And electronic systems or no, given the wide ranging royalty provisions in author contracts, the ancillary accounting that needs to be done (indexing payments, comp copies and other inventory numbers hunted up, and so on and on) and the truly bizarro things that can happen with payments of subrights, special sales, and so forth, it is still a real PITA to do royalty statements.

    And there’s another reason why it can take a while to crunch those numbers: humans who know the books and the sales have to sign off on each one. Computers have no sense of whether something is reasonable or not, they’ll happily fly right past some really odd things.

    Hope that helps add some light to the topic.

  2. Gordon Jerome said:

    Traditional publishers should wake up to the fact that they could probably publish many wannabes for nothing. That is no advance and no royalties–just a name on the cover. And agents could charge those same authors to represent them, and they’d pay, and everyone would be happy. You can do anything you want to wannabes.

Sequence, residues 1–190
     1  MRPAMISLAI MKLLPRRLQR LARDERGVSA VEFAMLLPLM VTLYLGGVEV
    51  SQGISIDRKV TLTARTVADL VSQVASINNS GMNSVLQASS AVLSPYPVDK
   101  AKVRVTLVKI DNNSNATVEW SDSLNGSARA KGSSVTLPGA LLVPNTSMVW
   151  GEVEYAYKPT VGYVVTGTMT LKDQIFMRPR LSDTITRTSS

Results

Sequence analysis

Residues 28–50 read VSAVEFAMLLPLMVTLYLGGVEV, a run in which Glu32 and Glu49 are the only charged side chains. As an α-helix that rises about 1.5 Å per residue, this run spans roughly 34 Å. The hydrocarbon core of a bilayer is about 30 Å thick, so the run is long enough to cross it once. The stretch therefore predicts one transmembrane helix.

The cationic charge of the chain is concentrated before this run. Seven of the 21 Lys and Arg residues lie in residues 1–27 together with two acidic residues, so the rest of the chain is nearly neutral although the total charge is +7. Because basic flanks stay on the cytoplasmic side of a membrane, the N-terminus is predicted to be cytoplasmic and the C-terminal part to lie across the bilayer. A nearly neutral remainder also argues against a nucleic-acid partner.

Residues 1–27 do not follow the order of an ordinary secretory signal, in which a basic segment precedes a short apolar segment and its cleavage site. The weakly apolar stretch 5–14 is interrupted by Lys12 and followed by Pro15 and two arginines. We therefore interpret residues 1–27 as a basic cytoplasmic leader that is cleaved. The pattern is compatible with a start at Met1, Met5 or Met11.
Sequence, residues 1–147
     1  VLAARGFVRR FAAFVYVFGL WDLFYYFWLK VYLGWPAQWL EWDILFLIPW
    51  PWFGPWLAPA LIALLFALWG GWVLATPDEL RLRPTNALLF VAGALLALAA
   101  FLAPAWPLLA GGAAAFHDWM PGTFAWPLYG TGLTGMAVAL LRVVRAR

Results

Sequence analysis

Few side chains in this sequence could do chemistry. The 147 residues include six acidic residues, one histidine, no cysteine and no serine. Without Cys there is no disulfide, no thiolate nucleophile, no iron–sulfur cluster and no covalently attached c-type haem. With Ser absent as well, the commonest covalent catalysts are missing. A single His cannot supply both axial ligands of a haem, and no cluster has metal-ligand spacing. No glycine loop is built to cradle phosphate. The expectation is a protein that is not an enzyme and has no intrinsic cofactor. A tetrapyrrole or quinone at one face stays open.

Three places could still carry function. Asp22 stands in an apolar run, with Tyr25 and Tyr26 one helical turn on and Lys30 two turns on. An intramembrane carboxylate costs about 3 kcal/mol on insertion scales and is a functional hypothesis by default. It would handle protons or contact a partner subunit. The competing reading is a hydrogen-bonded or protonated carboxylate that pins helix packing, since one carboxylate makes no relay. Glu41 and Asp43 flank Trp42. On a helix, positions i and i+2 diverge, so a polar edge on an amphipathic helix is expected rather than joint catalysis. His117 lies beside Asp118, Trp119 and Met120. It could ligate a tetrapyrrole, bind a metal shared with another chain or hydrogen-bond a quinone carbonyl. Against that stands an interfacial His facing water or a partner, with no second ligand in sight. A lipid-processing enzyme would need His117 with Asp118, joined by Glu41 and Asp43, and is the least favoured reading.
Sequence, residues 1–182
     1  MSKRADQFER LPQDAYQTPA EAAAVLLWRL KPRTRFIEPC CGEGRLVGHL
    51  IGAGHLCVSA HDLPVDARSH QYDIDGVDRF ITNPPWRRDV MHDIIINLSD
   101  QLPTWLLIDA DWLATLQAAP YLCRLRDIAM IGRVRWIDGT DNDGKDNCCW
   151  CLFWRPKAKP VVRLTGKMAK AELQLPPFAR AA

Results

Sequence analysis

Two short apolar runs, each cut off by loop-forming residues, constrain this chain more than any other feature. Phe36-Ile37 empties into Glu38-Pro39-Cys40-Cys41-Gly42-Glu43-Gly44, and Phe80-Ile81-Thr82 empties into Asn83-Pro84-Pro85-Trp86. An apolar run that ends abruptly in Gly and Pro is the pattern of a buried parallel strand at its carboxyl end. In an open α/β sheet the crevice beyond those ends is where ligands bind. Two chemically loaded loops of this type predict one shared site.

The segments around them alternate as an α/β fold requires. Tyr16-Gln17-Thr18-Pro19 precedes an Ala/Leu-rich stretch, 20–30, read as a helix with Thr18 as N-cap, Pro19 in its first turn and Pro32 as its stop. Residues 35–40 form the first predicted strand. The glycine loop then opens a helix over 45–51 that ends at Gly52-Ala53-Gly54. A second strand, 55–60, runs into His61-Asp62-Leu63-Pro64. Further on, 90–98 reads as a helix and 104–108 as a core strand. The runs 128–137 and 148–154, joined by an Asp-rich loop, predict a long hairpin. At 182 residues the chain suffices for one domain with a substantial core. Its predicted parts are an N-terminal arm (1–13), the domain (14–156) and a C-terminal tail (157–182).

Such is the plight of a worm with bird dreams.

  3. Anonymous said:

    The key sentence in the above is “sales at the end of the royalty period” take time to come in.

    Money flows to a business all year, it’s not like you have to pay the author with the money from their particular sales.

    It’s natural for a company to want to put off paying its creditors until its debtors have paid up (but most can’t do that completely) and yes, the various weirdnesses of publishing contracts must be complex to track and account for but I’m pretty sure that the publishing houses are paying all their other creditors on a more regular basis throughout the year or they wouldn’t be in business. Why should authors be at the bottom of the creditor list? Especially when most of the money, for the period will have been collected and the royalty amount is only a small percentage of what the publisher earns from the book.